Thursday, 9 a.m. – The countdown has begun. The clock on the monitor is ticking away in a rather unspectacular manner. 25 hours in total will be counted down, in accordance to the motto of “the extra hour”. The symbolic 25th hour of Audi represents the extra time gained through autonomous driving. There doesn’t seem to be much excitement, the participants are focused. Now it’s all about sifting and evaluating the data and consulting with Audi experts in the next step, for ultimately developing an approach within a team. Brainstorming wherever you look. After all, the Hackathon is about presenting the jury and audience a programmed solution within a mere 25 hours. “No pressure, but the expectations are high” is the unofficial motto of the day.
Solutions with a future potential
From all software prototypes that were developed last year, 90 percent were pursued subsequently as projects by Audi. Three teams even brought their own start-up to life through their ideas. Rather than the Audi driving experience, a career at Audi seems to be more of an incentive. “The event gives us the opportunity to connect with young IT talents,” Kristina Hoffer confirms. As part of the organization team, the recruiter is responsible for the candidate management.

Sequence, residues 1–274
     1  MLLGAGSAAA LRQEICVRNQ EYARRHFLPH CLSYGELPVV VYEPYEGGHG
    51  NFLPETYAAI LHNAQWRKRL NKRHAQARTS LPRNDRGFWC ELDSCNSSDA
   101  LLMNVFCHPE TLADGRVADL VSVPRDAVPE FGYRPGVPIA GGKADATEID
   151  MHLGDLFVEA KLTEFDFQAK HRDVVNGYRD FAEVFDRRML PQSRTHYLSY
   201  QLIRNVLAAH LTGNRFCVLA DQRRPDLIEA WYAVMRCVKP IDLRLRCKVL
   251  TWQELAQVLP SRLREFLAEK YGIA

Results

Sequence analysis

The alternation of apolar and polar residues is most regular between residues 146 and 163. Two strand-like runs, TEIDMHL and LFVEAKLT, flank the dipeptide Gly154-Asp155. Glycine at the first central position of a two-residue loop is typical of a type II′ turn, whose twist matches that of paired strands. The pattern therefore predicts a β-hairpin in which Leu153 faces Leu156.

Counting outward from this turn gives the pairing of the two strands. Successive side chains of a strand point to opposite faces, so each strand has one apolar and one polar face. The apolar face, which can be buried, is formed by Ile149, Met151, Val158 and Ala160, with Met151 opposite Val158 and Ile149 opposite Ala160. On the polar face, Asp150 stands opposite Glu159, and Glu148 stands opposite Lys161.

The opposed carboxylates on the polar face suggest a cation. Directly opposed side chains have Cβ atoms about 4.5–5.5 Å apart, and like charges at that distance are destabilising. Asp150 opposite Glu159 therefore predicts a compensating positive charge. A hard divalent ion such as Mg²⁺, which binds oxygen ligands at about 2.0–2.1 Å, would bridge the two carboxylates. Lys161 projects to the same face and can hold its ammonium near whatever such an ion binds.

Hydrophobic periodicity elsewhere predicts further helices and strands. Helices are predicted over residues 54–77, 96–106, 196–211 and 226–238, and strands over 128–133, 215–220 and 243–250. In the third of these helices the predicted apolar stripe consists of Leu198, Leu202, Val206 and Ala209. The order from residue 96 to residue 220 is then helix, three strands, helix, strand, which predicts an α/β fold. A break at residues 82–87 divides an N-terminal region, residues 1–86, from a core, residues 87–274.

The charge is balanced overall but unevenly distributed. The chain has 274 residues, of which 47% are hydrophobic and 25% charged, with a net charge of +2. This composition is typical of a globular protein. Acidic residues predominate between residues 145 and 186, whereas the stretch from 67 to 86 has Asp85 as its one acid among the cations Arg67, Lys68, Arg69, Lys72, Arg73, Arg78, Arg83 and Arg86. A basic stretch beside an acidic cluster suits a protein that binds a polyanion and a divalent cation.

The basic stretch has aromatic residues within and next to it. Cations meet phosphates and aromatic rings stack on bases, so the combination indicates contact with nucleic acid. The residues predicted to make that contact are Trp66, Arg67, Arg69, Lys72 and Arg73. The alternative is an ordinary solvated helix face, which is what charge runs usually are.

Thursday, 10 p.m. – The Chief Digital Officers (CDOs) of tomorrow aren’t thinking of their future career at this point. Their main priority lies in overcoming the next hours. Meanwhile, all teams have deeply immersed into their assigned subject and are busy discussing, analyzing and programming, as in the case of “Susita Al”. The five Israelis have travelled from Tel Aviv and are enjoying the competition’s relaxed atmosphere. Especially the tour of the plant was “crazy cool” to them, as they put it. Now it’s all about finding a way to take and analyze automated high-speed images during the laser beam soldering in body construction.